The master list includes all pitchers with ten or more winning seasons, a rare feat in itself, but two subcategories within that larger group recognize still higher levels of career pitching excellence. One sub-group lists those 26 pitchers who have had winning records in at least 80 percent of total seasons pitched. The other subgroup consists of 20 pitchers who have had ten or more consecutive winning seasons. Of the 14 pitchers who appear on both lists, ten are in the Hall of Fame.
Grover Cleveland Alexander was clearly in a class by himself as a consistent winner over a lengthy career. Old Pete pitched for 20 seasons and produced a winning record during the first 19 of those seasons. Except for an 0-3 mark with the 1930 Phillies, he would have had a “perfect” career. Instead, he finished with a 95 percent record, tops among pitchers with 11 or more seasons. Chandler and Ruth top the list at 100 percent for pitching exactly ten seasons each with a winning record every year. Urban Shocker and Deacon Phillippe also never incurred a losing season, but each had one .500 season.
Some may question the inclusion of Babe Ruth in this study, but his pitching credentials are well known and he did pitch in ten different seasons between 1914 and 1933 and produced a winning record in each. In fact, Ruth is the only man in major league history to pitch in at least ten seasons and produce a winning record every season. (Chandler appeared in one game in 1944 without a decision.)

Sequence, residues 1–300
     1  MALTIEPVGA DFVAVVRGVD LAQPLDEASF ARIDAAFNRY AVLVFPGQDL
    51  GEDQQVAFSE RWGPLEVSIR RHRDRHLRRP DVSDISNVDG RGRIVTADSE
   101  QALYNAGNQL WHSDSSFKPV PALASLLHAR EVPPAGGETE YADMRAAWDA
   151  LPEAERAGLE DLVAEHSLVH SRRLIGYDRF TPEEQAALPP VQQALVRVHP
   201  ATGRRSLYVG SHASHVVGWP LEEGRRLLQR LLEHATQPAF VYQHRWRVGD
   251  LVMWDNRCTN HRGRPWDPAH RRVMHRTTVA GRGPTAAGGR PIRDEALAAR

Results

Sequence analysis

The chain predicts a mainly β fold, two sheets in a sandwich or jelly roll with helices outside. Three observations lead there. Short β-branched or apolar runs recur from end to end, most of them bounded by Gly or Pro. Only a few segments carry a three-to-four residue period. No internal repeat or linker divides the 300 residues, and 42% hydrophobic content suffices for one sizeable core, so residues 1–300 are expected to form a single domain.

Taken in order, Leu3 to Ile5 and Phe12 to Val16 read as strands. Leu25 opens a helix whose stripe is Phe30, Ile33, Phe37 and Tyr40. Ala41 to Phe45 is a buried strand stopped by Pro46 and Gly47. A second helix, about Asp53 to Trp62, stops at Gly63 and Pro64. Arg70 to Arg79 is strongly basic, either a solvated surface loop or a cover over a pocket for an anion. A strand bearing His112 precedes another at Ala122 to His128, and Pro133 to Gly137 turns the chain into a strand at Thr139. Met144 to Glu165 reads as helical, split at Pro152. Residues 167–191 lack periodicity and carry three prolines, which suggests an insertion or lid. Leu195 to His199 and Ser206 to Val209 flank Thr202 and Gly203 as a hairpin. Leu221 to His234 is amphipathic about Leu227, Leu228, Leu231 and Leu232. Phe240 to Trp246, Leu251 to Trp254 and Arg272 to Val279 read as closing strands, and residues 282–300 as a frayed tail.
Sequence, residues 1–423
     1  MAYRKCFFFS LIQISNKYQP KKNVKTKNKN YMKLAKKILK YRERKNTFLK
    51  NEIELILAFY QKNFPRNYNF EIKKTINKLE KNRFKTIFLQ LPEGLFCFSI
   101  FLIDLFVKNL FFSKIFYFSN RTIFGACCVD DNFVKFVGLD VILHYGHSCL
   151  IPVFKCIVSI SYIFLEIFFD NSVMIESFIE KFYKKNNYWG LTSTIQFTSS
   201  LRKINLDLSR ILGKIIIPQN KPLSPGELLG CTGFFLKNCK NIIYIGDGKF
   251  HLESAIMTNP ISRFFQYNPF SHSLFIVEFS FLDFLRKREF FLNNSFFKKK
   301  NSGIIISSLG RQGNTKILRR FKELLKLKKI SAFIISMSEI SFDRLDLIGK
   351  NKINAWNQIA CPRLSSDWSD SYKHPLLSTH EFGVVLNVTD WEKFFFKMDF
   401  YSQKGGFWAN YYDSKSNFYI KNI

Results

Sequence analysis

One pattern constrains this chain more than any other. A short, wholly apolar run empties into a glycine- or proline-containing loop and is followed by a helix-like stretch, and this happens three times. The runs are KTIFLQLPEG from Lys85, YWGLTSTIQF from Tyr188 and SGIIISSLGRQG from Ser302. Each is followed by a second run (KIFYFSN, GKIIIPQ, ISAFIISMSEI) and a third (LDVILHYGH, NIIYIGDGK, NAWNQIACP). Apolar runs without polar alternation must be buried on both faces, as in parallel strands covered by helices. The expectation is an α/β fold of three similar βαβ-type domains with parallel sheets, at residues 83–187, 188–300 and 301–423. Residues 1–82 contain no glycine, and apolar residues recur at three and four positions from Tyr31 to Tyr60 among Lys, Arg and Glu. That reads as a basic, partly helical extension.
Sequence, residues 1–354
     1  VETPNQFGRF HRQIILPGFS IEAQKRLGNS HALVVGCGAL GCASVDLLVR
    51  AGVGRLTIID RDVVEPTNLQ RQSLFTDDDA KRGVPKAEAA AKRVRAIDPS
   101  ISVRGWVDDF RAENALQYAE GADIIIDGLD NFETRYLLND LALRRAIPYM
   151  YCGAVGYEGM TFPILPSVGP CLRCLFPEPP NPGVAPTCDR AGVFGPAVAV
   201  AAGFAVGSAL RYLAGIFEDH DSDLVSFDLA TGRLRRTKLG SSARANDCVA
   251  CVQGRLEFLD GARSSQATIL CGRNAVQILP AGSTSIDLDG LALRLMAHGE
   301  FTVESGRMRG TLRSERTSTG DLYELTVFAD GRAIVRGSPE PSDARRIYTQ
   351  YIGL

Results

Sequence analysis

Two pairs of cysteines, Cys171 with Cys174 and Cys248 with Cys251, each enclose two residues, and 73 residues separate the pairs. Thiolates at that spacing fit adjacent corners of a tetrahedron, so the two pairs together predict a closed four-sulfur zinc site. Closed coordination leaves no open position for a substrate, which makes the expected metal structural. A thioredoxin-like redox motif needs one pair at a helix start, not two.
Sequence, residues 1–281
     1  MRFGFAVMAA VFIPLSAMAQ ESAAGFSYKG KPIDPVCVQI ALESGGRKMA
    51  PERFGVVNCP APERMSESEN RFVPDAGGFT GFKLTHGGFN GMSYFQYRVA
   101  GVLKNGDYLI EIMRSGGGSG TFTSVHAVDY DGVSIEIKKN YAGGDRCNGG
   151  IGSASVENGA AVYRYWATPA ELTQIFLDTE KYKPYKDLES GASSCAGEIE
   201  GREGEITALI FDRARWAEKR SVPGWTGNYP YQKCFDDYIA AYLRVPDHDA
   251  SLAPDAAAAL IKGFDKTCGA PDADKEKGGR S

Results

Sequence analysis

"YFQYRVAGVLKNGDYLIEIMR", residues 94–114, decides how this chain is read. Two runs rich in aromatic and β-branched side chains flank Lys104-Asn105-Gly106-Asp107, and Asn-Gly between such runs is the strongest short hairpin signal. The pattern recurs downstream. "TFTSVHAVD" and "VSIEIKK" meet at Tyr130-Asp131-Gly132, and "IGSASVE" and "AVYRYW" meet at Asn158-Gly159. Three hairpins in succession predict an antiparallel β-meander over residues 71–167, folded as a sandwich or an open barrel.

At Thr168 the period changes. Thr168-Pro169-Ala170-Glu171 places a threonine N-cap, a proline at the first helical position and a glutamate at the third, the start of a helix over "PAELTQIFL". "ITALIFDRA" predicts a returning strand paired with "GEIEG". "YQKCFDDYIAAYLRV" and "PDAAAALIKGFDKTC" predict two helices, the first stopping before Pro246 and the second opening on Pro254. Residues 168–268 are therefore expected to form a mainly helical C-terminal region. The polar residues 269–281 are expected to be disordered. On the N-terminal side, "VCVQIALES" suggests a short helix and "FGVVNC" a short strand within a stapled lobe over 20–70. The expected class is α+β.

The list of pitchers with ten or more consecutive winning seasons is again topped by Alexander with 19, an incredible achievement. Ten pitchers in this elite group established their consecutive-season streaks from the outset of their careers, including Cy Young (15), Whitey Ford (14), and Bob Feller (13). Some streaks by pitchers on different teams overlapped, but no pair matched the performance of Warren Spahn and Lew Burdette, who both enjoyed ten-season winning streaks for the 1953-62 Braves. Spahn added an eleventh year in 1963, his last winning season.
The intent of the list is not to imply that these 95 pitchers are the greatest of all time, although most of the greatest appear on the list. As stated at the beginning of this article, the list is meant to recognize those pitchers who performed well over a long period of time. All those on the list, whatever their perceived status among hurlers past and present, must be considered masters of their craft and pitchers of note because they accomplished a feat not achieved by ten members of the Hall of Fame who pitched at least ten seasons.